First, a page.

April 22, 2000: Elian Gonzalez seized by SWAT team

On Nov. 25, 1999, Thanksgiving Day, fishermen off the coast of Ft. Lauderdale, Florida found a five-year-old boy clinging to an inner tube. His mother and 11 others had drowned while trying to cross into the United States from Cuba.

His name was Elian Gonzalez.

After an overnight hospital stay, he was released into the custody of his uncle and other family members. The Cuban government sent a note on behalf of the boy’s father to the U.S. mission in Havana later that day.

Juan Gonzalez wanted his son back.

For the next five months, a custody battle raged between the boy’s father and his relatives, between Cuba and the U.S., until April 22, 2000, when a SWAT team of federal agents rushed the home of the boy’s Miami relatives with semi-automatic weapons in a predawn raid. He was reunited with his father within hours.

The Herald went to press that morning with a front page that said “SWAT team takes Elian.” Here’s an excerpt from one of the related stories:

“Crying ‘Help me! Help me!’ in both English and Spanish, the frightened 6-year-old was hurried from Miami’s Little Havana neighborhood in a predawn raid, taken by helicopter to a waiting government jet and flown to Andrews Air Force Base in suburban Washington, D. C., where he was turned over to the long-waiting arms of his father, Juan Gonzalez.

The reunion was warm and emotional, said the father’s attorney, Gregory Craig. It followed five months of anxiety and extremely harsh feelings that have consumed the case of the little refugee, whose mother drowned as he was set adrift on an inner tube in the Florida Straits.”

It would take another two months before Gonzalez returned to Cuba with his father.

See The Herald’s April 22, 2000 edition to read more of this story and others in our collection of historic front pages.

More in Local News

Longboarders from near and far hit the trail in Arlington

The Centennial Sk8 Festival was serious competition for some and just for fun for others.

Signs show the rates for using the express toll lanes for traffic headed southbound on Interstate 405, Tuesday, Feb. 16, 2016, in Bothell, Wash. Gov. Jay Inslee announced plans Tuesday to try to decrease congestion on I-405 in answer to commuter complaints that the new express lane tolling system is making traffic worse. The governor said he would not be shutting down the tolling system as some people have called for. But the state transportation department is making plans to add new northbound general purpose lanes to ease some of the congestion and also plan to make it easier to move into and out of the express lanes. (AP Photo/Elaine Thompson)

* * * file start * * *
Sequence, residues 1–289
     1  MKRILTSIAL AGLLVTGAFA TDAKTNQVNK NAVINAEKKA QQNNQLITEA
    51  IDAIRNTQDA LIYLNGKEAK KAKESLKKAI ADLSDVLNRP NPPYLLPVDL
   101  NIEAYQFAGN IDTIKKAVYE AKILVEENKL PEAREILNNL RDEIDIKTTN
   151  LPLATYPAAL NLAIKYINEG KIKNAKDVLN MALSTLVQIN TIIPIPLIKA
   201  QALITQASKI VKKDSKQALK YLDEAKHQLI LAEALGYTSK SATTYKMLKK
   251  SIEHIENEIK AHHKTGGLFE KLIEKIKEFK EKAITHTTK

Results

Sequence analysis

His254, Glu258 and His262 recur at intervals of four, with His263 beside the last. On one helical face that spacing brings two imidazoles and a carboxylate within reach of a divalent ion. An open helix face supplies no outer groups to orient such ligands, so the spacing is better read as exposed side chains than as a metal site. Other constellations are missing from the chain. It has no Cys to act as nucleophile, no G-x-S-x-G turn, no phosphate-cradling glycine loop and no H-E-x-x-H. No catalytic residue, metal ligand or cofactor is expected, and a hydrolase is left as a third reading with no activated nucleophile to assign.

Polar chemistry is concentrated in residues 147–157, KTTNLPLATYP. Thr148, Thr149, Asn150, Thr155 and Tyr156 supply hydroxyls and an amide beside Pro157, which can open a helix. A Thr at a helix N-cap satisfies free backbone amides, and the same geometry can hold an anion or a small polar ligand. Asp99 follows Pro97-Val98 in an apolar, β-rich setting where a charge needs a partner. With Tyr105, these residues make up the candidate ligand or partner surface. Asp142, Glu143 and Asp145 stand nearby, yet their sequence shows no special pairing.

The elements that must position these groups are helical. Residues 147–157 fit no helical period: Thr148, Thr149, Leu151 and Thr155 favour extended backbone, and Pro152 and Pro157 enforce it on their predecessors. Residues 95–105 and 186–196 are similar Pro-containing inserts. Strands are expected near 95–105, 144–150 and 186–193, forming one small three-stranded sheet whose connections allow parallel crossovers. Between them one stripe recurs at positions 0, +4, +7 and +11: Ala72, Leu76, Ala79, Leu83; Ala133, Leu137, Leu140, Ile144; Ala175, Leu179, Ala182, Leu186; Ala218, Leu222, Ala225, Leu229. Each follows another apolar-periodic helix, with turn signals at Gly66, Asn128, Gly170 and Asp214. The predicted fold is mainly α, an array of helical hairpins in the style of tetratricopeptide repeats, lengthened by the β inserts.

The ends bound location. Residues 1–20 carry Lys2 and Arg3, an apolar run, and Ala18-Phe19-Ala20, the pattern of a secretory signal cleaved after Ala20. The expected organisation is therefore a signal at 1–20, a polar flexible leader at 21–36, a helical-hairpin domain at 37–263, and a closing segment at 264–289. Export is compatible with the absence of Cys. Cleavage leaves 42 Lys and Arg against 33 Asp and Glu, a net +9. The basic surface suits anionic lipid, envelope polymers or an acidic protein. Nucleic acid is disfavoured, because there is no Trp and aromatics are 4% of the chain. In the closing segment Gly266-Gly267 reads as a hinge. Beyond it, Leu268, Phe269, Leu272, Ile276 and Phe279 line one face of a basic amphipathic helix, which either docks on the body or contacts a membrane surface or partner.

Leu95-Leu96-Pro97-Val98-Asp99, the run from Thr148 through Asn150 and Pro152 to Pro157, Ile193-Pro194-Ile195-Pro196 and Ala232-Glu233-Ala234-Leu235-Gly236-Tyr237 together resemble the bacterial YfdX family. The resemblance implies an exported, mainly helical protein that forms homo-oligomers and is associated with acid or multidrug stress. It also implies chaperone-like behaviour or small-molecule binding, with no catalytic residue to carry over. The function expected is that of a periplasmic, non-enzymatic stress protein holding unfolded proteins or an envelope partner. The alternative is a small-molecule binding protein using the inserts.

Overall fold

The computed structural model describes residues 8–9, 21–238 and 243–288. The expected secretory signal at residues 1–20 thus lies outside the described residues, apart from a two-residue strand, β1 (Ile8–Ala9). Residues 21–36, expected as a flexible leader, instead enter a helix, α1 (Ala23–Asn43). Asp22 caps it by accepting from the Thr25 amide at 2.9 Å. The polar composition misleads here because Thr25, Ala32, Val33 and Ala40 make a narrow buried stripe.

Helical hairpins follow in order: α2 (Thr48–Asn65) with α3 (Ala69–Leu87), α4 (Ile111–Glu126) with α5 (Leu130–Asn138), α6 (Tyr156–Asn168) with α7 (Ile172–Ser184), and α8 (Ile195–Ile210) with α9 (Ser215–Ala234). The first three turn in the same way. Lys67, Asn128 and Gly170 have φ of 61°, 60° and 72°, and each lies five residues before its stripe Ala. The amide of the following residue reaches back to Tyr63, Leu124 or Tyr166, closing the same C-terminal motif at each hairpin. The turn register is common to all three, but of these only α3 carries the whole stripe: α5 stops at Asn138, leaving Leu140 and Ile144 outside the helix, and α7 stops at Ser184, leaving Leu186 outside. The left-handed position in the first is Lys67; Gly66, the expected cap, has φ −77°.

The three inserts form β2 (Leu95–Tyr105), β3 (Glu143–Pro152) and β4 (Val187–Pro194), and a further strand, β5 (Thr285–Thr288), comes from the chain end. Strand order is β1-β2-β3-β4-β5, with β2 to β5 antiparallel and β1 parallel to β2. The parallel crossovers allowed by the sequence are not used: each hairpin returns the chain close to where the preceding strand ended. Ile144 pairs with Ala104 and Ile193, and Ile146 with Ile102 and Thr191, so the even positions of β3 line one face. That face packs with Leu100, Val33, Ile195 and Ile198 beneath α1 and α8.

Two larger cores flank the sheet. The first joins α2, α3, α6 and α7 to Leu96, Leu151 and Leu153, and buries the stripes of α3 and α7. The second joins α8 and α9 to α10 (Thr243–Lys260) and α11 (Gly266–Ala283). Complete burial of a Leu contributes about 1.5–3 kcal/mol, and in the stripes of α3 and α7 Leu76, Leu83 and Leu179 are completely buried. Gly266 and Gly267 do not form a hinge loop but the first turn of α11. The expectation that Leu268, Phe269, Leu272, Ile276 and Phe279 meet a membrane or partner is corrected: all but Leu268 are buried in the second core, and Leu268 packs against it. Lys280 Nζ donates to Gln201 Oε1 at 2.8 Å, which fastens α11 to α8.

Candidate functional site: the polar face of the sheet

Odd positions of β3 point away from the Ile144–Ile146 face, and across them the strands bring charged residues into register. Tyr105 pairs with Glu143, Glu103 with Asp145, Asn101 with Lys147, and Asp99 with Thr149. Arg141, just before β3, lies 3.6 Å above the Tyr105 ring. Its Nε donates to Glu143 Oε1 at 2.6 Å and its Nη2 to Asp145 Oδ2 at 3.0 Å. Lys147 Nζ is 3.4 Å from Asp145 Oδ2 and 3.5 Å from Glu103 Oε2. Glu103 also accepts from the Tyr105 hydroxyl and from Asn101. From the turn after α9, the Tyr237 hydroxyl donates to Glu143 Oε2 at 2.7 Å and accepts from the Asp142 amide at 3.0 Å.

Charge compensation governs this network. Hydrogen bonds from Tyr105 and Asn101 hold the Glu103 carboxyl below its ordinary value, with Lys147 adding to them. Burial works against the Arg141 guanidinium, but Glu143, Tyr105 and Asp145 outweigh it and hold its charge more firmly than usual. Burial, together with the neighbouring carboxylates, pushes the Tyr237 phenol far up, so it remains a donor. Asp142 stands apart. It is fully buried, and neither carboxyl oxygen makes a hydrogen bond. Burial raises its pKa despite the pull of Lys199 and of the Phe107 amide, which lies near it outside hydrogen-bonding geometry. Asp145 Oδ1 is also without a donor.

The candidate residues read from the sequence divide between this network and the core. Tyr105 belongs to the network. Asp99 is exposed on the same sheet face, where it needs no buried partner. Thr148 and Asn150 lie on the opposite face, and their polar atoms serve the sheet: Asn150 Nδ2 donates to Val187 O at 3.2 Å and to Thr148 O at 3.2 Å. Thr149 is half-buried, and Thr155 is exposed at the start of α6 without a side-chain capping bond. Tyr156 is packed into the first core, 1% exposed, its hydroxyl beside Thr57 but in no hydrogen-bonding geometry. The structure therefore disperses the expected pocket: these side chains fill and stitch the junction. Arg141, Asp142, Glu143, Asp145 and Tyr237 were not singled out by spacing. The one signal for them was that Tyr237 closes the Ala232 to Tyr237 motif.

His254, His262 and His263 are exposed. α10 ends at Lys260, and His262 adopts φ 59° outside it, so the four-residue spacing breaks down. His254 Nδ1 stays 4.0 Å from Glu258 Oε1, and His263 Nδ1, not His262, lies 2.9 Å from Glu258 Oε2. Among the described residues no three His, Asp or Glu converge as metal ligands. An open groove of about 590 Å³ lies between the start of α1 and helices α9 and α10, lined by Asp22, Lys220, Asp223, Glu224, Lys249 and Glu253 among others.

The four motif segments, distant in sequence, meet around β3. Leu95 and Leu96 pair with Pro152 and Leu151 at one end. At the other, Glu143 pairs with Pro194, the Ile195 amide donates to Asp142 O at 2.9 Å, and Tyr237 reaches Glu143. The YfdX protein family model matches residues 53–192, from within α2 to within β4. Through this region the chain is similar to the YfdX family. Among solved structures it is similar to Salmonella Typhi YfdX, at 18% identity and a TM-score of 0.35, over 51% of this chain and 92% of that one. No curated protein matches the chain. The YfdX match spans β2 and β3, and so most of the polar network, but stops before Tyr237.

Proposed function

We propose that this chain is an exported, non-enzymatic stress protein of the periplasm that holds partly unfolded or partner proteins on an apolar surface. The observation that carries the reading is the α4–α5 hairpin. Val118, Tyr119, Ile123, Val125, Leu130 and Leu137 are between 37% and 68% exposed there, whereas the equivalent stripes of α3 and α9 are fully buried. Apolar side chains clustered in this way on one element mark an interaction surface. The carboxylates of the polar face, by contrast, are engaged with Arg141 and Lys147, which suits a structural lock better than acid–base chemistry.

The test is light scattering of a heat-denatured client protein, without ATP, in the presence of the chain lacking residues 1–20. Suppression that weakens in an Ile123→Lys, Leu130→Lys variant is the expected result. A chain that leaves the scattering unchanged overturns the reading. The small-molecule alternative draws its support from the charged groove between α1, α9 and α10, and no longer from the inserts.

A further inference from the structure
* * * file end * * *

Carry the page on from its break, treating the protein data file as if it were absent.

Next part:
After a 2-year trial, are I-405’s toll lanes here to stay?

Lawmakers will decide whether to keep them or end the experiment and try something else.

Weary drivers using toll lanes say they have little choice

Congestion continues to be a tedious reality for commuters on I-405, which is as clogged as ever.

Council passes six-month moratorium on safe injection sites

Proposal by County Councilman Nate Nehring passed unanimously.

Terrace woman held following collision in Everett

The three occupants in vehicle were transported to a local hospital in serious condition.

Information sought on drive-by shooting in Everett

Debris from an apparent crash, evidence of gunfire found in the 2800 block of California Street.

Crews recover body of man who fell over Wallace Falls

The area where the man fell is called Sky Valley Lookout, 2.4 miles from the parking lot.

Herald photos of the week

A weekly collection of The Herald’s best images by staff photographers and… Continue reading

This week’s Herald Super Kid is Nathan Nicholson of Snohomish High School. (Dan Bates / The Herald)
‘The future is biotech,’ but for now he’s busy with everything

Snohomish senior Nathan Nicholson is a student leader and media master.

Most Read